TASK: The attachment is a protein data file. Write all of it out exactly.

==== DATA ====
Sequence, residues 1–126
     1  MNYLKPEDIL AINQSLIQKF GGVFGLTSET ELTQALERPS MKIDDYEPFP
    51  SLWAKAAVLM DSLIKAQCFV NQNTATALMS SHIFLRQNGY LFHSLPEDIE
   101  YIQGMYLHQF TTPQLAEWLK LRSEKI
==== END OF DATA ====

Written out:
Sequence, residues 1–126
     1  MNYLKPEDIL AINQSLIQKF GGVFGLTSET ELTQALERPS MKIDDYEPFP
    51  SLWAKAAVLM DSLIKAQCFV NQNTATALMS SHIFLRQNGY LFHSLPEDIE
   101  YIQGMYLHQF TTPQLAEWLK LRSEKI